This international collaboration will allow the identification of astrophysical sources of neutrinos, as well as the study of the fundamental properties of these particles. It will also provide unprecedented opportunities for studies in Earth and Marine Sciences. The ANTARES-KM3NeT research group from the Corpuscular Physics Institute is participating in the project.
This week there has been significant progress in the construction of the KM3NeT subsea infrastructure. Five new ARCA neutrino telescope detection units have been installed, which are already operational and collecting data. The Corpuscular Physics Institute (IFIC, CSIC-UV) has actively contributed to the design, construction and calibration of these lines.
Located in the Mediterranean Sea at a depth of 3,500 meters and about 80 km off the coast of Capo Passero, in Sicily, the ARCA telescope, together with its brother ORCA, located off the coast of Toulon, France, will allow scientists to identify astrophysical sources of high-energy neutrinos, as well as studying the properties of the most penetrating and elusive of elementary particles, the neutrino. Furthermore, both detectors will also provide unprecedented opportunities for studies in Earth and Marine Sciences.
Upon completion of construction, the KM3NeT / ARCA detector will form a network of more than two hundred detection units. Each of these units, consisting of a 700 m high vertical line, houses 18 modules equipped with ultra-sensitive light detectors that record the faint flashes of light generated by neutrino interactions in the dark depths of the Mediterranean Sea.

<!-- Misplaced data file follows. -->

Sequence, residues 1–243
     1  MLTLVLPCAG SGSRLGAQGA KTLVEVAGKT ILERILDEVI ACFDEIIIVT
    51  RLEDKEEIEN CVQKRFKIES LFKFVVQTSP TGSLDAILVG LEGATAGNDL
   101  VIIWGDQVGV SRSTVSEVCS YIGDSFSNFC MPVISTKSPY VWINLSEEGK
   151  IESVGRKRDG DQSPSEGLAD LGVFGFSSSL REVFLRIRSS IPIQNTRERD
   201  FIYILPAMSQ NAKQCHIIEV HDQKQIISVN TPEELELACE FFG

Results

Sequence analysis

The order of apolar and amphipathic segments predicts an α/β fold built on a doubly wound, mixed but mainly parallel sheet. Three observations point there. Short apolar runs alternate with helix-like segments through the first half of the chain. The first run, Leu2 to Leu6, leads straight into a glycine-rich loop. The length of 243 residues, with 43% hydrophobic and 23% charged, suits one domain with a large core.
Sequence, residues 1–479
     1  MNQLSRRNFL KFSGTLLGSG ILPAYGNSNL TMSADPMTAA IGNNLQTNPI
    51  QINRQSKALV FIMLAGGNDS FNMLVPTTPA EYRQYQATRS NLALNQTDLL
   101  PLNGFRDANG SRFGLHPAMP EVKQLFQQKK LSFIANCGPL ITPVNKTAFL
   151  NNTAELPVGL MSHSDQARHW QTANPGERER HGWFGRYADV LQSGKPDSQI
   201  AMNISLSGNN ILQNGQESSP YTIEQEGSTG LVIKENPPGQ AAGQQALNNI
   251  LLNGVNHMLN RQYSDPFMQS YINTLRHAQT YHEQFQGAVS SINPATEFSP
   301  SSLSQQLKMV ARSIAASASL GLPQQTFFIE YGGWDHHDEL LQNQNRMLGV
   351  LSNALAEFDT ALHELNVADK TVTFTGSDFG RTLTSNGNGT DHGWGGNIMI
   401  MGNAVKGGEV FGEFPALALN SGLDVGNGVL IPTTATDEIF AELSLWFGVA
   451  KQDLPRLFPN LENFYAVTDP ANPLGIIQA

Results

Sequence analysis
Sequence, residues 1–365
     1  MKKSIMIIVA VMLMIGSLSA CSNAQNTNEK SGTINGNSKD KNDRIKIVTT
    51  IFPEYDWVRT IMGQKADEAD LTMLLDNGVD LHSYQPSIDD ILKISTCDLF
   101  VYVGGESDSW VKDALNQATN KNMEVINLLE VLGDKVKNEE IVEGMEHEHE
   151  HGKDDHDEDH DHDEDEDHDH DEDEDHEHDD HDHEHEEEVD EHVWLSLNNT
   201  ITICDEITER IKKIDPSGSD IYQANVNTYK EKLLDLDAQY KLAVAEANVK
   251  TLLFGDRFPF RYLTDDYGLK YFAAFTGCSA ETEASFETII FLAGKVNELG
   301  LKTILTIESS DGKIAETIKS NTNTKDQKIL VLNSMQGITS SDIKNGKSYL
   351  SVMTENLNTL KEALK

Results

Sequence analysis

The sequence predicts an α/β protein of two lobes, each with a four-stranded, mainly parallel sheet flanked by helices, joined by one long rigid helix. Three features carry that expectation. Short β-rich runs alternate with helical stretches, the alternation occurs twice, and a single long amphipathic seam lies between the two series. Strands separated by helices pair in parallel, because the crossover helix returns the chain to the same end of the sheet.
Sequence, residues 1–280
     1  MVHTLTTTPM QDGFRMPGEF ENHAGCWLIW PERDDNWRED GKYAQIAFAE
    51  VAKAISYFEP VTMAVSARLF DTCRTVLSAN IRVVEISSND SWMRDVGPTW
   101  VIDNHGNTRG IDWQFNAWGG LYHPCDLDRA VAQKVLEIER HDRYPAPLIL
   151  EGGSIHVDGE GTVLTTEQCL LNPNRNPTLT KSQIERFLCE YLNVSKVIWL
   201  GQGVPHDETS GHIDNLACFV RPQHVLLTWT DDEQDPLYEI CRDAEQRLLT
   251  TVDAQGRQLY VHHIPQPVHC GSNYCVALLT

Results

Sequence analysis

In total, there are already six detection lines currently operating in what is considered the initial core of the KM3NeT / ARCA neutrino telescope. Together with the six lines already installed and taking data at the ORCA site, the KM3NeT observatory now has a sensitivity comparable to that of its predecessor, the ANTARES neutrino telescope.
KM3NeT is an international collaboration of more than 250 scientists from more than 50 scientific institutes around the world. KM3NeT has been included in the list of high priority projects selected by the European Strategy Forum for Research Infrastructures (ESFRI). According to Collaboration spokesperson Paschal Coyle, the successful deployment and operation of various ARCA detection units is another big step forward for the KM3NeT project. “Now we will continue at full speed with the construction of hundreds of detection units for installation in the French and Italian locations”, he said.
The ANTARES-KM3NeT group of the Corpuscular Physics Institute, a mixed centre belonging to the CSIC - University of Valencia, has been participating in neutrino telescope projects for more than two decades. As Juan de Dios Zornoza Gómez, main researcher of this group points out, “this technical success brings us closer to new scientific achievements, given the enormous potential that this detector has both for astrophysics and fundamental physics as well as for other fields such as marine science”.
The main task of the IFIC related to this operation has been the design and testing of the main electronic cards that integrate the signals received in the light detectors. You also have responsibilities in calibrating the detector using LED-based light sources. A test bench is currently being prepared at the IFIC for the integration of the bases of the next lines. In parallel, it continues its work of data analysis of the first lines and of study of the benefits of KM3NeT.
At the national level, other Spanish organisations also participate, such as the Polytechnic University of Valencia, the University of Granada, the Spanish Institute of Oceanography and the Institute of Marine Sciences (CSIC).
For its part, the activities in Italy are supported by the Sicilian Region within the framework of the IDMAR project. The objective of IDMAR is to improve the scientific infrastructures in Sicily, including KM3NeT / ARCA. “This campaign once again demonstrates the technological capacity of KM3NeT and IDMAR to carry out these complex marine operations”, said Giacomo Cuttone, scientific director of the IDMAR project.